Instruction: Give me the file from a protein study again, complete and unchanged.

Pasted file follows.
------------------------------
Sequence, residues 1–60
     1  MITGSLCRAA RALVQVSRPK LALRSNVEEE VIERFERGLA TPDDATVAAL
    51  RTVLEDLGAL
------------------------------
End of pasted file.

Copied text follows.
Sequence, residues 1–60
     1  MITGSLCRAA RALVQVSRPK LALRSNVEEE VIERFERGLA TPDDATVAAL
    51  RTVLEDLGAL